Correlation of exhaust-valve temperatures with engine operating conditions and valve design Page: 2 of 26
This report is part of the collection entitled: National Advisory Committee for Aeronautics Collection and was provided to Digital Library by the UNT Libraries Government Documents Department.
The following text was automatically extracted from the image on this page using optical character recognition software:
NACA ARR No. E5120
NATIONAL ADVISORY COMMITTEE FOR AERONAUTICS
ADVANCE RESTRICTED REPORT
CORRELATION OF EXHAUST-VALVE TEMPERATURES WITH ENGINE
OPERATING CONDITIONS AND VALVE DESIGN
By M. A. Zipkin and J. C. Sanders
The theory correlating engine-cooling variables developed in a
previous report was used as a basis for the development of a semi-
empirical equation to correlate exhaust-valve temperature with engine
conditions. A term is included in the equation that is a measure of
the thermal resistance of the heat-flow path between the crown of
the exhaust valve and a point on the outside surface of the cylinder
head. A means for comparing exhaust valves of different designs
with respect to cooling is consequently provided. The necessary
empirical constants included in the equation were determined from
engine tests of a large air-cooled cylinder.
A number of investigations have been conducted on the operating
temperature of exhaust valves. As early as 1923, Gibson and Baker
(reference 1) measured the temperature of a hollow-stem exhaust
valve without internal coolant by means of a thermocouple and found
that the operating temperature of the exhaust valve in a cylinder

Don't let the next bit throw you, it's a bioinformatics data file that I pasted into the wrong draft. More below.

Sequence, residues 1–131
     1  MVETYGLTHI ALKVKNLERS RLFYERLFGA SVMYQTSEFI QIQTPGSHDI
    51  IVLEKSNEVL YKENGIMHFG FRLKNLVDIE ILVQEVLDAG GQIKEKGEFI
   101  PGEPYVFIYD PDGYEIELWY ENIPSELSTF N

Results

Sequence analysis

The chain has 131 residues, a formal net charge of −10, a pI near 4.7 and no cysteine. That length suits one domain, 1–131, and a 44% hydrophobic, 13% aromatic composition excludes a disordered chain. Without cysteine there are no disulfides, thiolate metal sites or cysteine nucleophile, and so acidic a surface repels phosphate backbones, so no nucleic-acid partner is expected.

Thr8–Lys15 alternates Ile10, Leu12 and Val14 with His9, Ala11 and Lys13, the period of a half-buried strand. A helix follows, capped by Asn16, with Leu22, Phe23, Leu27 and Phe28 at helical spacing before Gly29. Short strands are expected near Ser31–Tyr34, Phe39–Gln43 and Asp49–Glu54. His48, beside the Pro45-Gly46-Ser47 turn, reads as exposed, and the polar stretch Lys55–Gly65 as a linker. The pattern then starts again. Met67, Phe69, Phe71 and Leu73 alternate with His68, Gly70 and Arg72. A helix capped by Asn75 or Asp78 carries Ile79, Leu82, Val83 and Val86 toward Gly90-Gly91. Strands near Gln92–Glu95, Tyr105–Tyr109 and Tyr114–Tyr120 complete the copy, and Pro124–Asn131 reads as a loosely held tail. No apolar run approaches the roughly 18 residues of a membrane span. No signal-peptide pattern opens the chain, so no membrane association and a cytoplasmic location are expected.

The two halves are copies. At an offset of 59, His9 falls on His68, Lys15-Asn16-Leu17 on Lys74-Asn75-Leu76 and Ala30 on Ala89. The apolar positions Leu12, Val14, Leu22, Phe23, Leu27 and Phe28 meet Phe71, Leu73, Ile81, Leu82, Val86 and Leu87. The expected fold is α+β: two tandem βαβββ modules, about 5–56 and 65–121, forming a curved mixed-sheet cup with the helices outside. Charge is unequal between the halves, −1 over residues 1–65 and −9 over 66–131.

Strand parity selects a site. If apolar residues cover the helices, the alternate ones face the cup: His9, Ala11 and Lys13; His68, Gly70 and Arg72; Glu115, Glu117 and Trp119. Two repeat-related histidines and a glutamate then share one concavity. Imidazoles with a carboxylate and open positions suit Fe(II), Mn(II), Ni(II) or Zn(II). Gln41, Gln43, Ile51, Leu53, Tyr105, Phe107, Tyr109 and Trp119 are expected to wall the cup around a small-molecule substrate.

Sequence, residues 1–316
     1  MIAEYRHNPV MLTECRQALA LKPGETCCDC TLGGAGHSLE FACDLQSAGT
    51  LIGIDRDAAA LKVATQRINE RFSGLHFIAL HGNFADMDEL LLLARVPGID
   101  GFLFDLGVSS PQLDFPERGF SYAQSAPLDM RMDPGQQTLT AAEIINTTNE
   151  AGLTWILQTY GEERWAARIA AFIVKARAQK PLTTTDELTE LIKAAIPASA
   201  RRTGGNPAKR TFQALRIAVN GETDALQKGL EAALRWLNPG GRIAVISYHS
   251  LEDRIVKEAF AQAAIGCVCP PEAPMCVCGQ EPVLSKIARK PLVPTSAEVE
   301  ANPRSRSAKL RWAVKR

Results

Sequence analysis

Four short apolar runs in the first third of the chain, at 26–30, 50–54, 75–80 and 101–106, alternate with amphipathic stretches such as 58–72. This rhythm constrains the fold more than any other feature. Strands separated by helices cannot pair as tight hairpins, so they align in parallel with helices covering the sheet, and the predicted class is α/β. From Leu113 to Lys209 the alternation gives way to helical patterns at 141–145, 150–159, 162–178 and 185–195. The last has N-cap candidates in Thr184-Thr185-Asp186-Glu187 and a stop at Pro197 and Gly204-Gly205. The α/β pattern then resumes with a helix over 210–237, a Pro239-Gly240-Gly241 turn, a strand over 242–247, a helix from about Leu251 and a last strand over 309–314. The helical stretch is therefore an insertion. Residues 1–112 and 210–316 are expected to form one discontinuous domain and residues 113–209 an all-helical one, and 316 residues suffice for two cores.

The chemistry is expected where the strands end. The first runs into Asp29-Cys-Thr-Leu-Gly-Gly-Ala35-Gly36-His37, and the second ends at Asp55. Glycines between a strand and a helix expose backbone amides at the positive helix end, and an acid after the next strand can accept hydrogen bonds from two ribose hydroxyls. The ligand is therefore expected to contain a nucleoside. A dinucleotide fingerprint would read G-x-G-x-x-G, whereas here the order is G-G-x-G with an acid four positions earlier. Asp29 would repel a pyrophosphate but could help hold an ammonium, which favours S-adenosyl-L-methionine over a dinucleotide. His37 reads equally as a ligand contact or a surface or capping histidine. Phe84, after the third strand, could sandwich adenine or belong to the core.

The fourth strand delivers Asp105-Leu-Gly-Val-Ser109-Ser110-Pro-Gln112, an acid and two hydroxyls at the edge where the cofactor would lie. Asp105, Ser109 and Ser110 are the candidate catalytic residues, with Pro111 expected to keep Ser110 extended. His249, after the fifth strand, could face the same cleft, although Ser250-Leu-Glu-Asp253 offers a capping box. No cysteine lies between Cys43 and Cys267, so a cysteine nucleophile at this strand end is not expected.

of low specific output (less than 0.25 hp/cu in.) varied between
6000 C and 7500 C, depending mainly on fuel--air ratio, cylinder
cooling, and spark timing. Reference 1 also states that under
abnormal conditions such as preignition, the valve temperature might
exceed 8000 C. Subsequent developments in valve and cylinder design
have permitted much higher specific outputs than 0.25 horsepower per
cubic inch with approximately the same range of exhaust-valve tem-
peratures. The operating temperature and the effects of several
operating variables on the temperature of a sodium-cooled exhaust
valve in current use are shown in reference 2 and an indication of
the extent to which valve temperatures can be influenced by valve
design is reported in reference 3. A review of available data on
Here’s what’s next.
This report can be searched. Note: Results may vary based on the legibility of text within the document.
Tools / Downloads
Get a copy of this page or view the extracted text.
Citing and Sharing
Basic information for referencing this web page. We also provide extended guidance on usage rights, references, copying or embedding.
Reference the current page of this Report.
Zipkin, M. A. & Sanders, J. C. Correlation of exhaust-valve temperatures with engine operating conditions and valve design, report, October 1945; (digital.library.unt.edu/ark:/67531/metadc279466/m1/2/: accessed October 23, 2018), University of North Texas Libraries, Digital Library, digital.library.unt.edu; crediting UNT Libraries Government Documents Department.